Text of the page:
Big data analytics

A.Y. 2020/2021
9
Max ECTS
60
Overall hours
SSD
SPS/04
Language
English
Learning objectives
The recent years have witnessed a dramatic increase in the interest towards the analysis of texts in social sciences. This is largely due to the development of new methods that facilitate substantively important inferences about politics from large text collections. This course aims to provide an introductory guide to this exciting new area of research, while also offering guidelines on how to effectively use text methods for social scientific research.
Expected learning outcomes
By the end of the course students will learn how - effectively use statistical methods on texts for social scientific research; - discuss the advantages, but also the limits, of each approach. Course evaluation aims to verify the expected learning outcomes in relation to these topics.
Course syllabus and organization

Single session

Responsible
Lesson period
Second trimester
If necessary, on-line lessons will be held on the Microsoft Teams platform and can be followed synchronously on the basis of the second quarter timetable.
Course syllabus
Big data are those labeled, for strange reasons, with the capitalized "Big". Nevertheless, they are still "data", altough with some specific characteristics: large volume, high frequency and, most notably, unpredictability - data come in the many different forms, they are raw, messy, unstructured, not ready for processing, and so on. Still, these data convey a lot of information to social scientists and good statistical techniques are required in order to extract meaningful results from them. In this workshop we will focus on a specific type of Big data, namely digital texts, both from social media as well as other sources (such as legislative speeches or electoral programs). The aim is to provide an introductory guide to this exciting new area of research, while also offering guidelines on how to effectively use statistical methods on texts for social scientific research by discussing the advantages, but also the limits, of each approach. The attention will be devoted to three main areas: 1) scaling methods that allow to estimate the location of actors in some policy space; 2) supervised classification methods, including machine learning algorithms, that allow to organize texts into a set of pre-defined categories; 3) unsupervised classification that allow to discover new ways of organizing texts into a set of unknown categories.
Prerequisites for admission
An elementary knowledge of R, plus a curiosity towards applied statistics, are good prerequisites for the lab sessions.
Teaching methods
Lab sessions are a crucial part of the course: they are offered for "hands-on" experiences to learn the techniques and the statistical methods discussed during classes. All the datasets, replication files of the lab sessions and reference texts will be made available at a dedicated URL before the beginning of the course. Enrolled students should bring their own laptop with R, RStudio and the relevant packages previously installed and functioning (instructions will be circulated beforehand).
Teaching Resources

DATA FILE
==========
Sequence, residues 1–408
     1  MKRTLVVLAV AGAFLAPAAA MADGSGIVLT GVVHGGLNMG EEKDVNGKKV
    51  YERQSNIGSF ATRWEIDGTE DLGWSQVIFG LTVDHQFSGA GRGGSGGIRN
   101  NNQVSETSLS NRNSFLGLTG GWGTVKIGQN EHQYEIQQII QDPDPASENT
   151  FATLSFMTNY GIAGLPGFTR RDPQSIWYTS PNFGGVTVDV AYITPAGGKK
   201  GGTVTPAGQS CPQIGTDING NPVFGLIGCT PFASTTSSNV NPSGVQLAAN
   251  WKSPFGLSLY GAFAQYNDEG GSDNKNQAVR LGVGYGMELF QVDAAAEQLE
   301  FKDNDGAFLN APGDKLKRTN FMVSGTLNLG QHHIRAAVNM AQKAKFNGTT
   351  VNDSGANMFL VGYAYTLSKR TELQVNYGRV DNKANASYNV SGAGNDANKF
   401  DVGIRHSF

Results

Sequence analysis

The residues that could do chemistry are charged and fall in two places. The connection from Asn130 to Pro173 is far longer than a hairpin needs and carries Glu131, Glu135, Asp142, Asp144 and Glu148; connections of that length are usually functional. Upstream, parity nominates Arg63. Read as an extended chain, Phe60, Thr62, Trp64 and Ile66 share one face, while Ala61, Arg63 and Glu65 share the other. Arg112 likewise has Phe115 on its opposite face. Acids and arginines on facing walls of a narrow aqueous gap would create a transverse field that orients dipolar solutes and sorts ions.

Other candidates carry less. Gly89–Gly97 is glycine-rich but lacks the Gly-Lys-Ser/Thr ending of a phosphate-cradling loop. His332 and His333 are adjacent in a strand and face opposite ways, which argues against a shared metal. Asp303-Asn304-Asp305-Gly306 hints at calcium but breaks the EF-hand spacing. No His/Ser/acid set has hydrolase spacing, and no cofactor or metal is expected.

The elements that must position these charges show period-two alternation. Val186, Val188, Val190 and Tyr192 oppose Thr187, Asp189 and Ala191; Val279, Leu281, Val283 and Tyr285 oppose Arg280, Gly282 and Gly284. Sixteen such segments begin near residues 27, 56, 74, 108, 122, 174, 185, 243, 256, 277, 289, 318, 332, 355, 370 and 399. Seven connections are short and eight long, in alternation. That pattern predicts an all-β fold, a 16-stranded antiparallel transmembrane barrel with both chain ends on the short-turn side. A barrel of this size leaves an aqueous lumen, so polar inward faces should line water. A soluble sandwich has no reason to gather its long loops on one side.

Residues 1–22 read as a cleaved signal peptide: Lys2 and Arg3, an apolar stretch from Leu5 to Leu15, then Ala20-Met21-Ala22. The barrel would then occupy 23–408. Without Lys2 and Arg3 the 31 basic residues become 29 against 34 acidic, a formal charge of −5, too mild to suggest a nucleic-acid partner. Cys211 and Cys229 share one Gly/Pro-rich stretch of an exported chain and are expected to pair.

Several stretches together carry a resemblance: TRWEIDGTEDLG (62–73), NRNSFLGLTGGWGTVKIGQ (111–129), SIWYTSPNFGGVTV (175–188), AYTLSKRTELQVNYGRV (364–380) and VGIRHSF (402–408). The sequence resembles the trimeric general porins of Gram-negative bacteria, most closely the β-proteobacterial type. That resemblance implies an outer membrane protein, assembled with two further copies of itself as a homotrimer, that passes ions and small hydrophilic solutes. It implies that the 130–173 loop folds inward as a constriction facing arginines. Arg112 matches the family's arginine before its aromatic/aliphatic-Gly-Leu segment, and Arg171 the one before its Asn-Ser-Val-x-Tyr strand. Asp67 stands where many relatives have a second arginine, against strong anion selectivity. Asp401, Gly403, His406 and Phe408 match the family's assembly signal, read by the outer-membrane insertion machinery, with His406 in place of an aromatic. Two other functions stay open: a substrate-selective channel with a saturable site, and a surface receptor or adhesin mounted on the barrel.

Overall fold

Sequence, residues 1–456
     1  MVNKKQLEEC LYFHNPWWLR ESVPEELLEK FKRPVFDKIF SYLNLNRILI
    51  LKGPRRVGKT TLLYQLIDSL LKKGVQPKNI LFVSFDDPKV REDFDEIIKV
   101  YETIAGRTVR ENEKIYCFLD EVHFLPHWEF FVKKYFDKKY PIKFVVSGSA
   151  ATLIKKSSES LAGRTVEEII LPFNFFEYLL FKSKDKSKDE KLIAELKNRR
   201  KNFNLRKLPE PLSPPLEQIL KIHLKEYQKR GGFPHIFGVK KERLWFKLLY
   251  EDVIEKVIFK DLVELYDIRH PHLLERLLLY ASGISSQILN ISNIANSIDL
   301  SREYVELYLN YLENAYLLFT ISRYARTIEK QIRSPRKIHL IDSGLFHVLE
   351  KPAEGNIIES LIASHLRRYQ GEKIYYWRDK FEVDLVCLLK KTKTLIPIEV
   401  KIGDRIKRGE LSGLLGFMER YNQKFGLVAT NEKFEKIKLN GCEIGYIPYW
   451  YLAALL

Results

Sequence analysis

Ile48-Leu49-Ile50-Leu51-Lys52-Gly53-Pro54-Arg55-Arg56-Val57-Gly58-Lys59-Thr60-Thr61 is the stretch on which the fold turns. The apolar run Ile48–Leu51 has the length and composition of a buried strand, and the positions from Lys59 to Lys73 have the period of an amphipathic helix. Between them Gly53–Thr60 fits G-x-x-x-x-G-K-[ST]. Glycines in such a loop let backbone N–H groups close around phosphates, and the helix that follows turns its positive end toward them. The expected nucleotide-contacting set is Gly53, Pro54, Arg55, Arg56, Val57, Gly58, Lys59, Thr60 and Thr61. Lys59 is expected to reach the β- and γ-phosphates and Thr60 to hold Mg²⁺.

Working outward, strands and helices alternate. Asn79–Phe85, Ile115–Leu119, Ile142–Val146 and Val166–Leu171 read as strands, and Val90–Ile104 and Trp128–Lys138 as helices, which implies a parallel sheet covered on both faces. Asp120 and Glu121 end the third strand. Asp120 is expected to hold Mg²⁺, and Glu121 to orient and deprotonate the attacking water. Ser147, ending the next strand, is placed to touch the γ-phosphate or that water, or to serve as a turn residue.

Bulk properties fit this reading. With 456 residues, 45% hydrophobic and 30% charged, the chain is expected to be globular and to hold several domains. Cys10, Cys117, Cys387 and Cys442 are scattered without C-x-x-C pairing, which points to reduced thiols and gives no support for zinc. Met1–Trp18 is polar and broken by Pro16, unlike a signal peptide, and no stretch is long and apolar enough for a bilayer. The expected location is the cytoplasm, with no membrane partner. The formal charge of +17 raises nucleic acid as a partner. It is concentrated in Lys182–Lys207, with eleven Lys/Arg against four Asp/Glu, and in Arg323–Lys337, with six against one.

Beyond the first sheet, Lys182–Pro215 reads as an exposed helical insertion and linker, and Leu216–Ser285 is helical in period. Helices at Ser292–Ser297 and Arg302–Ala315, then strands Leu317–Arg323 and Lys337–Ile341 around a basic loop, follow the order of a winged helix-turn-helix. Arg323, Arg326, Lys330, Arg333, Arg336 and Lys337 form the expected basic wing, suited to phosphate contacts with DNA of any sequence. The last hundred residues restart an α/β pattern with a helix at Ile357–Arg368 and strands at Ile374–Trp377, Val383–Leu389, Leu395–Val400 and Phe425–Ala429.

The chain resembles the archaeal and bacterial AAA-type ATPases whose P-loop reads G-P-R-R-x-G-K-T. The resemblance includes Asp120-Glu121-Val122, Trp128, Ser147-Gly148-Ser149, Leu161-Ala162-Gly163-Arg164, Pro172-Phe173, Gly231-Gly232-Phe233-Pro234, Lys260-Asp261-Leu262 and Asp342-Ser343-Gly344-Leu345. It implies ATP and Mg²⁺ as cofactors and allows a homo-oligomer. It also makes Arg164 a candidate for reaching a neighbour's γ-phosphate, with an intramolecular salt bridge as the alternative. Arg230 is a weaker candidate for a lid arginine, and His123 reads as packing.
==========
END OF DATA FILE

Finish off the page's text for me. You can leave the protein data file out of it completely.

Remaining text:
Benoit, Kenneth. 2020. Text as Data: An Overview. In: Luigi Curini and Robert Franzese, Sage Handbook of Research Methods in Political Science and International Relations, London: Sage, 461-497

Grimmer, Justin, and Stewart, Brandon M. 2013. Text as Data: The Promise and Pitfalls of Automatic Content Analysis Methods for Political Texts. Political Analysis, 21(3): 267-297.

Laver, Michael, Kenneth Benoit, John Garry. 2003. Extracting Policy Positions from political texts using words as data. American Political Science Review, 97(02), 311-331

Proksch, Sven-Oliber, and Slapin, Jonathan B. 2008. A Scaling Model for Estimating Time-Series Party Positions from Texts. American Journal of Political Science, 52(3): 705-722.

Curini, Luigi, Hino, Airo, and Atsushi Osaki. 2020. Intensity of government-opposition divide as measured through legislative speeches and what we can learn from it. Analyses of Japanese parliamentary debates, 1953-2013, Government and Opposition, Volume 55, pp. 184-201

Robert, Margaret E., Brandon M. Stewart, Dustin Tingley, Christopher Luca, Jetson Leder-Luis, Shana Kushner Gadarian, Bethany Albertson, David G. Rand. 2014. Structural Topic Models for Open-Ended Survey Response, American Journal of Political Science, 58(4), 1064-1082

Curini, Luigi, and Robert Fahey. 2020. Sentiment Analysis. In: Luigi Curini and Robert Franzese, Sage Handbook of Research Methods in Political Science and International Relations, London: Sage, 534-551

Barberá, Pablo and C. Steinert-Threlkeld Zachary. How to Use Social Media Data for Political Science Research. In: Luigi Curini and Robert Franzese, Sage Handbook of Research Methods in Political Science and International Relations, London: Sage, 404-423

Further readings can be suggested during the course. Please check regularly the home-page of the course on Ariel.
Assessment methods and Criteria
For enrolled students, course grades will be based on home-assignments and class-participation. Instructions for not-enrolled students will be circulated later.
SPS/04 - POLITICAL SCIENCE - University credits: 9
Lessons: 60 hours
Professor(s)
Reception:
Wednesday 14:00-17:00
room 319 - via Conservatorio 7, Department of Social and Political Sciences. The office-hours will be held on-line. Plz write directly to the teacher to make an appointment